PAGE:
What does he want? What are her problems?
“If you can’t answer these questions quickly and accurately, you will lose the client,” says Todd Royer, a research consultant for corporations, author, and speaker. Understanding business relationships is no different than understanding other relationships, and just as with personal relationships, understanding begins with the emotions that are tied to verbal language, Royer says.
Royer, whose company, DiscoveryTech, is located in Montgomery, will speak at the next Small Business Insight Lunch sponsored by Team Nimbus NJ on Wednesday, August 12, at 11:30 a.m., at Camillo’s Cafe in Princeton Shopping Center on North Harrison Street. The event is free, but participants buy their own lunch. For reservations contact Lorette Pruden, at 908-359-4787 or E-mail firstname.lastname@example.org.
Royer has spent the last two decades assisting the R&Dt departments of corporations throughout the U.S. and Europe to strategize and staff their teams. He has written one book, “Workination: Are You Fascinated with Your Career,” and is completing a second on how to improve communication in business relationships.
In addition to his books, Royer also writes a weekly online newsletter, “Career Development Weekly,” which is distributed on three continents. Royer is a 1977 graduate of Brandeis University, where he received a bachelor’s degree in economics.
Promptly and correctly assessing people and their needs is one of the keys to being successful as a consultant, according to Royer. “It doesn’t matter whether you are working with the employees of a large corporation or a sole proprietor business, people are the same,” he says. “Every one of us has an emotional language that guides our words, what we say, and what we feel. Because the way our emotions connect with verbal language is universal, learning to read emotional language is the most successful way of analyzing personal and business relationships.”
In fact, he adds, if you cannot read feelings you cannot meet, much less exceed, your clients’ expectations. “You’ll always remain just another consultant.
Don’t be the expert. “In many business situations the consultant takes the posture of expertise, but that immediately puts the client in a lower position,” Royer says. In fact, giving the client the information they seek only confirms that he or she is the inferior while the “expert” remains the superior.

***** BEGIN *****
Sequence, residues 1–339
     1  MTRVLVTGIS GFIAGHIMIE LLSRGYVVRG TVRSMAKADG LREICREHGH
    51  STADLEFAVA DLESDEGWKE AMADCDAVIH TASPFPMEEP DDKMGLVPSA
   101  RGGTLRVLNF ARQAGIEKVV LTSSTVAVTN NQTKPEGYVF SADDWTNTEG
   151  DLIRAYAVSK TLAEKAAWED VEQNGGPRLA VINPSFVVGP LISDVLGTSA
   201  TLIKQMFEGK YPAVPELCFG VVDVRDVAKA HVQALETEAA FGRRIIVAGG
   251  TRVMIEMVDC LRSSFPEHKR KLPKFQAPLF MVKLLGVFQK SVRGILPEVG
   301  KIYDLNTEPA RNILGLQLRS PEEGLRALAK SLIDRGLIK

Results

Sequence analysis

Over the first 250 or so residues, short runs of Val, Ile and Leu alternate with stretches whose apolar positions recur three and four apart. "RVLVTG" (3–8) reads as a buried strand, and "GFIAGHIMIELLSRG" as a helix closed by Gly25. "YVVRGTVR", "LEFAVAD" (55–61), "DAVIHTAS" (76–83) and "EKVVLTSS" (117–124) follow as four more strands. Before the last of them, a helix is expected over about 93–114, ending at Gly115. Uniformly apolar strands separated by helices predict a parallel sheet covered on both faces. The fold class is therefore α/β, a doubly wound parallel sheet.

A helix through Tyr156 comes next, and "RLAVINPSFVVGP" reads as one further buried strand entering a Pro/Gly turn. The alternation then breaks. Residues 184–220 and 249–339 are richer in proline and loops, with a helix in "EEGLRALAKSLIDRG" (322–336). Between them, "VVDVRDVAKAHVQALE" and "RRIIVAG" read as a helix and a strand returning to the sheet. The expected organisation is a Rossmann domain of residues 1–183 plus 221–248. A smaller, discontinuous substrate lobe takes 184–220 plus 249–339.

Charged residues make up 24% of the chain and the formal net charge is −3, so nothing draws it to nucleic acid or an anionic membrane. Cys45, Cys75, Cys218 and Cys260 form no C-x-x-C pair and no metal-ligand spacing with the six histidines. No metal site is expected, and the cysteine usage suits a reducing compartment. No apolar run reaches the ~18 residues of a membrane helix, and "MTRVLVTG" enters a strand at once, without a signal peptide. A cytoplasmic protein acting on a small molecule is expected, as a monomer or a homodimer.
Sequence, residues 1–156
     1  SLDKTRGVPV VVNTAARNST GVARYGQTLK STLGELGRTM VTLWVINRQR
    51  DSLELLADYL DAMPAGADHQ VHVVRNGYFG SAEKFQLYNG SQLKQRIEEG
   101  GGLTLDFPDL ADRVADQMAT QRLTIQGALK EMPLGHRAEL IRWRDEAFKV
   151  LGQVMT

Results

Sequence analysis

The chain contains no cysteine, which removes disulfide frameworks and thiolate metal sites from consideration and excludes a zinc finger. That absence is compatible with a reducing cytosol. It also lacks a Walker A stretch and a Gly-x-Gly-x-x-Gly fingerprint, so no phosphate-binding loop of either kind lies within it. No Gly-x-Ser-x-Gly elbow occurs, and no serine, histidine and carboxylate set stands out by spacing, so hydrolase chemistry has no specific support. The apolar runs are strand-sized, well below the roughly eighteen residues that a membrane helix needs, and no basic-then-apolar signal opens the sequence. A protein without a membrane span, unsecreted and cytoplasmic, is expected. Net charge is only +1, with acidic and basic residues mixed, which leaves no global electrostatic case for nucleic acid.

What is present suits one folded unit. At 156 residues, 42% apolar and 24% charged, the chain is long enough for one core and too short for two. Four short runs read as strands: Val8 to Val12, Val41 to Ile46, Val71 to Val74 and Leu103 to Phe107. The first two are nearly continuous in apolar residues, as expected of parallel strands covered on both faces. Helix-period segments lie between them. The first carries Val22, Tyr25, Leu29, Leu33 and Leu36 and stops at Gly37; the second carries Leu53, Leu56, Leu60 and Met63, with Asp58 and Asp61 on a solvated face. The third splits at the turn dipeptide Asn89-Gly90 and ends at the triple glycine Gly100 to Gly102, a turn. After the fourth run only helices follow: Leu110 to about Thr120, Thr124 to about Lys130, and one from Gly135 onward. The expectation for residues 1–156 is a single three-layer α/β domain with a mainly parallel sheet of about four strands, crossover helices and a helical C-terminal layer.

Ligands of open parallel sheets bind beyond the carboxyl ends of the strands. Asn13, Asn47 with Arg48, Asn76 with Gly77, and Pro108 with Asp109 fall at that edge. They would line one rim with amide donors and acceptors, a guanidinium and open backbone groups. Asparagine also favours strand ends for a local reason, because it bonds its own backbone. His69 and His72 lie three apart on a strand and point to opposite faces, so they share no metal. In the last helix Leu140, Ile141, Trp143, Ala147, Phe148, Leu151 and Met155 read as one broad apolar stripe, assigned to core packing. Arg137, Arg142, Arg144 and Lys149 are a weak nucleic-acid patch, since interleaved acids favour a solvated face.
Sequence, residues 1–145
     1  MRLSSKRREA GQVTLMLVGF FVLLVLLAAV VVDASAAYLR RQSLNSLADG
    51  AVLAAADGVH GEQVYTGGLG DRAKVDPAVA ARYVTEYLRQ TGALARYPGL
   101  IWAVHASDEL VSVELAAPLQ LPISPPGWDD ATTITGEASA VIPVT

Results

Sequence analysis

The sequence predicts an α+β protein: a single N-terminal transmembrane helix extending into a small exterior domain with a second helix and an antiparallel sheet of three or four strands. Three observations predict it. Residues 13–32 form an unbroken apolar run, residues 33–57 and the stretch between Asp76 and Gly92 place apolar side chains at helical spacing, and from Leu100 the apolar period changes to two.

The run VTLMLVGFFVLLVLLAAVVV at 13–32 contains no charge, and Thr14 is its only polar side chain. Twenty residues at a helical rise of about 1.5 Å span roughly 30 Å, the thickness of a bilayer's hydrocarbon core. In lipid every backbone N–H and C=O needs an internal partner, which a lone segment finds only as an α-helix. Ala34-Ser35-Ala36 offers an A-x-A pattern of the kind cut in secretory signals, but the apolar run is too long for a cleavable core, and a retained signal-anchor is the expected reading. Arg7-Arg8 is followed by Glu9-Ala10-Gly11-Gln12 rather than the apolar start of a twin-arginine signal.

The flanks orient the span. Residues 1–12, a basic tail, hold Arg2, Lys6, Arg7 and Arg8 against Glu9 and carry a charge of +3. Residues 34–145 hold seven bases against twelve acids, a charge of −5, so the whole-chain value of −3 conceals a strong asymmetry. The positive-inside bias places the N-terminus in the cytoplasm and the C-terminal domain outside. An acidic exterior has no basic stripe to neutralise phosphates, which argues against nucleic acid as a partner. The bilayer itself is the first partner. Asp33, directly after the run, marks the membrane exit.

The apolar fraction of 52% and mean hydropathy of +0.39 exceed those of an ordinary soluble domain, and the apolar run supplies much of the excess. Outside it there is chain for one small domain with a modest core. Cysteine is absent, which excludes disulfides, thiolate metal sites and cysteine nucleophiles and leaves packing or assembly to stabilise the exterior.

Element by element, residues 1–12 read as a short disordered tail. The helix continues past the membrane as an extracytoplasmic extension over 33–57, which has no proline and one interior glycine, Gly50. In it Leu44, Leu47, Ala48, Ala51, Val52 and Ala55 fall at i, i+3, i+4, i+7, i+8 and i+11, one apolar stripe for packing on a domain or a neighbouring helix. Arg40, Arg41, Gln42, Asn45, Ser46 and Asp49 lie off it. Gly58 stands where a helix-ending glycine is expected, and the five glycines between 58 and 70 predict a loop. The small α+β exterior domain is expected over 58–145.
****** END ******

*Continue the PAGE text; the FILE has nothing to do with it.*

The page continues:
While giving the client the information might seem like a good idea, it is not, he says. “It makes it difficult for the client to feel that the consultant has exceeded their expectations. Now the next time he or she needs help they might call you, because after all, you did give them the answers they were looking for. But if you have just given them the information, rather than helping them to own that information, to make it their own, they will never feel completely satisfied.”
That feeling of satisfaction leads to a vulnerability in the relationship with the client that can eventually lead them to look for a new consultant. “They’ll always be on the lookout for someone better than you, so when they hear a friend say, ‘You should try so and so, that consultant is really good, he exceeded my expectations,’ they are ready to try the next person.”
Be an employee. Instead of approaching a client as an expert, Royer suggests taking “the posture of valued employee.” That means looking at yourself as if you are a senior executive in the client’s company; you are a valued colleague who is expected to think independently.
This new attitude will help a consultant develop an entirely new type of relationship with the client. “It means that you are brothers in the battle with your client, neither of you is inferior or superior, you are a valued part of a team,” he says.
Corporate crisis, personal value. All relationships are strengthened by crisis, Royer adds. “Relationships are formed when there are significant and meaningful challenges at hand,” he says. “The ongoing crisis in business is profit, how to grow the company.”
But consultants must remember that while the logo on the top of the paycheck might be that of a corporation, the real employer is a person, not a business. “While the business’ crisis may be profit and growth, your employer, the person, is concerned with values,” Royer says.
As a professional, a large part of a consultant’s job is to observe and see what kind of values each person he works with is searching for. A few of these possible values include family relationships, time, education, and personal growth. “As a consultant you need to look for the opportunity to help your clients succeed at their goals, and their goals are all about their values,” he says. “This is very different from helping the corporation to grow.”
Reading the client’s emotions means looking at the “negative hurdles that are causing their troubles. Listen when they say the words no, never, and not; these are the things that are stopping them, and these are usually tied to the emotions,” he explains.
“Read the person, learn to see what makes them click, then make that an active part of how you approach solving the problem in their business,” says Royer. The bottom line is that if you can read the client’s emotions, look at his or her values and goals and tie these into the problem in the business, you will always exceed the client’s expectations.